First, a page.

Structure and Randomness: pages from year one of a mathematical blogShare this page
There are many bits and pieces of folklore in mathematics that
are passed down from advisor to student, or from collaborator to
collaborator, but which are too fuzzy and non-rigorous to be
discussed in the formal literature. Traditionally, it was a
matter of luck and location as to who learned such folklore
mathematics. But today, such bits and pieces can be
communicated effectively and efficiently via the semiformal
medium of research blogging. This book grew from such a blog.
In 2007, Terry Tao began a mathematical blog, as an outgrowth of his own website at UCLA. This book is based on a selection of articles from the first year of that blog. These articles discuss a wide range of mathematics and its applications, ranging from expository articles on quantum mechanics, Einstein's equation \(E=mc^2\), or compressed sensing, to open problems in analysis, combinatorics, geometry, number theory, and algebra, to lecture series on random matrices, Fourier analysis, or the dichotomy between structure and randomness that is present in many subfields of mathematics, to more philosophical discussions on such topics as the interplay between finitary and infinitary in analysis. Some selected commentary from readers of the blog has also been included at the end of each article. While the articles vary widely in subject matter and level, they should be broadly accessible to readers with a general graduate mathematics background; the focus in many articles is on the “big picture” and on informal discussion, with technical details largely being left to the referenced literature.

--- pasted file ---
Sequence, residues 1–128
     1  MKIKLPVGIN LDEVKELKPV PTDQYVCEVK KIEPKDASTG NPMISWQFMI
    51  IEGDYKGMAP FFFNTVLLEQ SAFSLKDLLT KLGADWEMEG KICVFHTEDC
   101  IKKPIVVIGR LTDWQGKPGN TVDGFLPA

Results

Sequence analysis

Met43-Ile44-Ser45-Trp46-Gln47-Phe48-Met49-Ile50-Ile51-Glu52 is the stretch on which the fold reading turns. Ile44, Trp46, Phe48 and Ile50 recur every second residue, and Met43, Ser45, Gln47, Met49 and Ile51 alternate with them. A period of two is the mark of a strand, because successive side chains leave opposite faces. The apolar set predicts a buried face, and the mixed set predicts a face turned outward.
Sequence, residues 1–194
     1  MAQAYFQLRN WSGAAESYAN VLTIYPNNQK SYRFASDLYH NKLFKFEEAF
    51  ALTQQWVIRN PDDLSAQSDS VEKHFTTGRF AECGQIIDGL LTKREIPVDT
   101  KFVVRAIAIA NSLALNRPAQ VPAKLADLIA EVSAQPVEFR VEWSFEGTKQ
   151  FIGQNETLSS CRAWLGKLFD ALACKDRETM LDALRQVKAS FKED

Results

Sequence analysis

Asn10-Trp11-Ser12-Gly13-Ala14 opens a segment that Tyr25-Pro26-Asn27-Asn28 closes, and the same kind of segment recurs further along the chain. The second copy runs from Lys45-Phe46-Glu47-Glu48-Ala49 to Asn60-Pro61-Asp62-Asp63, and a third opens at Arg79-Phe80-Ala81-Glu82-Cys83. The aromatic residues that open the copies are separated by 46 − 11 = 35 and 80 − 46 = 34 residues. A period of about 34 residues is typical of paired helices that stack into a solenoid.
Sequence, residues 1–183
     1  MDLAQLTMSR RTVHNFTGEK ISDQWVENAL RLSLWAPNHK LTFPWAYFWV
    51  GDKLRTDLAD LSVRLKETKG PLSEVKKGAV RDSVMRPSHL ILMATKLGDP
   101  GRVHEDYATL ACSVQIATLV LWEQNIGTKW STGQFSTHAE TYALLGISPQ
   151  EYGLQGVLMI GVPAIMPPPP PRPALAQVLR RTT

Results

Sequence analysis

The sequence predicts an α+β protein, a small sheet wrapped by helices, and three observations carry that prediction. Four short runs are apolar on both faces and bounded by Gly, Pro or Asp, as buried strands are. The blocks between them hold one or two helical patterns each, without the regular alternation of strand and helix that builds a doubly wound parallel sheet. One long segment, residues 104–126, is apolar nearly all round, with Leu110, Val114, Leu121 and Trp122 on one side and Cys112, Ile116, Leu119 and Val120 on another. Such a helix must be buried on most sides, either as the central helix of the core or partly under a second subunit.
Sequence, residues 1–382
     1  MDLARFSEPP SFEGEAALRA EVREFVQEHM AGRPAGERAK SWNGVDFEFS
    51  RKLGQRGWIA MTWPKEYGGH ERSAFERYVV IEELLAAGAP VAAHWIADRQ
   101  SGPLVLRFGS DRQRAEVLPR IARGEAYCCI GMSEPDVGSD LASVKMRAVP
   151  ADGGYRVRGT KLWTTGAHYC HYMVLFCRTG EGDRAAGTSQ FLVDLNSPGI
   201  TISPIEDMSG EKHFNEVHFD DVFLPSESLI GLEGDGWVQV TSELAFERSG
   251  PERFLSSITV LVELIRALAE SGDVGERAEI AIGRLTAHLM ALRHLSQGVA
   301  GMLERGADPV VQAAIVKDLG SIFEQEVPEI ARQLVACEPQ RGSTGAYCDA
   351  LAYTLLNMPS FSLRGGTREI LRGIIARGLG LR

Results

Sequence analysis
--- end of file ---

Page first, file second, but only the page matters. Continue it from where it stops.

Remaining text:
Table of Contents
Graduate students and research mathematicians interested in broad exposure to mathematical topics, particularly in analysis.
Tao does a fine job of providing new insights into old ideas, building intuition about why results come out the way they do, exploring why certain problems are at once interesting and hard, and explaining tricks. ...Tao has a book, and a blog, that mathematicians will definitely want to read, either on their screens or on dead trees, and it will be of interest to mathematically sophisticated readers coming from physics, statistics, economics, computer science and doubtless other disciplines. In Structure and Randomness we have a fascinating glimpse into the mind of one of the best mathematicians working today.
-- Cosma Shalizi, American Scientist